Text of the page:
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Cannings Purple | The 268 | 4 mistakes with ASX announcements

Four common mistakes in ASX announcements

ASX announcements are the primary medium used by listed companies to communicate with shareholders and investors. Cannings Purple’s Investor Relations Director, and former resource analyst, Andrew Rowell identifies four common mistakes many companies make when drafting announcements.

 

The ASX listing rules provide guidelines for companies when producing announcements to be loaded on to the ASX platform. Some of the guidelines are prescriptive while others are quite vague and subject to interpretation.

Unfortunately, this means the quality and level of information in ASX announcements varies greatly from company to company – not exactly helpful for investors comparing a portfolio of stocks.

Companies release announcements in order to communicate with investors in a way that also complies with their continuous disclosure obligations (Guidance Note 8, Listing Rule 3.1). They need to include enough information in a statement to enable a reasonable person to rely on it to make an investment decision. This often means that announcements are longer than they need to be, include irrelevant information and are drafted without the audience in mind.

As practitioners who draft, review and read hundreds of ASX announcements each year, we have compiled a list of the four most common mistakes.

  1. Is it a targeted statement or a rambling essay? Many ASX announcements are too long and fail to clearly deliver the key messages at the beginning of the statement. As a general rule, if key messages are not on the front page of an announcement they will probably be missed by the majority of readers.
  2. What is the announcement about? Readers should be able to gain a complete and clear understanding of the detail and the context of the announcement and why it is important to your business. They shouldn’t have to go to a website or search through earlier announcements to understand what this announcement means. It is an easy trap to assume knowledge on the part of the reader so when drafting an announcement remember not everybody knows your company, project or business as well as you do.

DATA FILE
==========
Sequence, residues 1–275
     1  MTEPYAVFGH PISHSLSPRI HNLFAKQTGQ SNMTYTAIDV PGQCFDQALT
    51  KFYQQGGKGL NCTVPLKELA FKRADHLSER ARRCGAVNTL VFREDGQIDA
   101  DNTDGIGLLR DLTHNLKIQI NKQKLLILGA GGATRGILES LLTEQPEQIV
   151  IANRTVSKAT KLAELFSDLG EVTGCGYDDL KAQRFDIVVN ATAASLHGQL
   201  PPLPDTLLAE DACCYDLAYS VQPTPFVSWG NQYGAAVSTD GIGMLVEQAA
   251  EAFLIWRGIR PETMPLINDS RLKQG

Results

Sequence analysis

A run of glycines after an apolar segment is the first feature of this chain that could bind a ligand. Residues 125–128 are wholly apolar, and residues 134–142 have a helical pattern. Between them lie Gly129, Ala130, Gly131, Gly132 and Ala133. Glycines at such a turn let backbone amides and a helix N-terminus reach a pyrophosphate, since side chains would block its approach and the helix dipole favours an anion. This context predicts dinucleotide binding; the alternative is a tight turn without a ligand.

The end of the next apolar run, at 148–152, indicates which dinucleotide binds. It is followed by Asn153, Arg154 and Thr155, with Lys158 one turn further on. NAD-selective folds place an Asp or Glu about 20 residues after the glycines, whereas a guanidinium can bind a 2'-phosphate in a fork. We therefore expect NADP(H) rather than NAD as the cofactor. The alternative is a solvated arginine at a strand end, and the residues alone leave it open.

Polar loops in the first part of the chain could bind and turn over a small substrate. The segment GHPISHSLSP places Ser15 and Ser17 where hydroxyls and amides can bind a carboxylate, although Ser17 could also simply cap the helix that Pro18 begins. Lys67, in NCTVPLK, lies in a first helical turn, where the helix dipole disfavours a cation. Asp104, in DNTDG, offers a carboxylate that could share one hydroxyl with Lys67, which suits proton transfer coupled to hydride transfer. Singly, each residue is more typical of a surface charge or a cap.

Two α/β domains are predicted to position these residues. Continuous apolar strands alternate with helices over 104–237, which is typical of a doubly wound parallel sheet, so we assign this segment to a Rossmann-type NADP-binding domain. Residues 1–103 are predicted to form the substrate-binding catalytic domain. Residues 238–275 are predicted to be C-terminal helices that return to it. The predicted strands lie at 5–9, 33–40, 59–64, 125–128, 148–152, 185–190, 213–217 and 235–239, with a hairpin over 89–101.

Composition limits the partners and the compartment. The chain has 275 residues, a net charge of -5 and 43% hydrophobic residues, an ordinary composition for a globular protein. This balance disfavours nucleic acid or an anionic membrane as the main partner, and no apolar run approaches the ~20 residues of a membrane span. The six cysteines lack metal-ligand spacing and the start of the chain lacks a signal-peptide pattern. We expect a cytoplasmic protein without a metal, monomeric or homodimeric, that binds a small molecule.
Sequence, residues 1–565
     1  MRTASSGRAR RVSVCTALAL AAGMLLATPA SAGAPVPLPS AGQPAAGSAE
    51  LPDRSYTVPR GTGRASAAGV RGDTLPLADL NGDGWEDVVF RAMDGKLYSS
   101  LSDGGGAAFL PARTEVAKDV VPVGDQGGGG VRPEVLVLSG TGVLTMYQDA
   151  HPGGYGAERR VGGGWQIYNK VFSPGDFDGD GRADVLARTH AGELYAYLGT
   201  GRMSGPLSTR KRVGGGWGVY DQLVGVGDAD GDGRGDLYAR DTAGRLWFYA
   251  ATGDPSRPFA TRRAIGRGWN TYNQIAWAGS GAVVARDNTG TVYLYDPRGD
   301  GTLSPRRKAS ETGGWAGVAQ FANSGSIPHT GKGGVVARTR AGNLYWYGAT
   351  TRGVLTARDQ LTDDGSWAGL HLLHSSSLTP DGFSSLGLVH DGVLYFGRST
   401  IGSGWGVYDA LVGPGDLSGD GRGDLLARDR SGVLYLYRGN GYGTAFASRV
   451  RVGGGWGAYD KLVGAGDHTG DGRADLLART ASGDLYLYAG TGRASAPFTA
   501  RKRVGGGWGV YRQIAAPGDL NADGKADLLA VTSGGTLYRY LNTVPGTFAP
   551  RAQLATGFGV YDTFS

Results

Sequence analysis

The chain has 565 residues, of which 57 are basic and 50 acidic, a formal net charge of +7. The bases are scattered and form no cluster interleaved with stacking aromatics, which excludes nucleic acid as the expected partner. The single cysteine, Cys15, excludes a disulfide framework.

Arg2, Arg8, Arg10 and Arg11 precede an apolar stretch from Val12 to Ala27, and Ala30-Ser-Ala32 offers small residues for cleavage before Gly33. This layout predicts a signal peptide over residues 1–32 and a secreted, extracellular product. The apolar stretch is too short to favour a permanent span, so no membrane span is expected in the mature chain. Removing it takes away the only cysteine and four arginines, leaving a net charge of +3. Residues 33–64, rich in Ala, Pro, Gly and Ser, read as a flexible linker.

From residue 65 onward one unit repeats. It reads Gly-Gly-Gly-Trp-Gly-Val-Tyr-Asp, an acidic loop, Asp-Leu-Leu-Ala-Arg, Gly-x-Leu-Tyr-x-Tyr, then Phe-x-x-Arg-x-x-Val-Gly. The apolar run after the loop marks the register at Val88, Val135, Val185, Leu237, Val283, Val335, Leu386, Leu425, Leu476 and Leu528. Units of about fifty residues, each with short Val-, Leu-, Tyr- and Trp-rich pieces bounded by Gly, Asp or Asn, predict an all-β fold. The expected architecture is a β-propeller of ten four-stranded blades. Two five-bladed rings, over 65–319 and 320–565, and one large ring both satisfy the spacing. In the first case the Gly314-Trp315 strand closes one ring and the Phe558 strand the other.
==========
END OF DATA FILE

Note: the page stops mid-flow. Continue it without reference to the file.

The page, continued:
3. Is it engaging? If you have spent time and energy drafting an important announcement, you want to ensure it is engaging for readers. The announcement should be written in short paragraphs using active language and include maps, graphs and images wherever possible.
  4. Is the announcement actually material or newsworthy? Beware of message fatigue. Regularly releasing non-material information to the market in a bid to attract investor and media attention can result in your audience switching off and missing or skipping over an important announcement when it goes out.

If these questions are kept in mind when drafting an announcement, you are much more likely to end up with a final product which will be read and valued by investors and the media alike.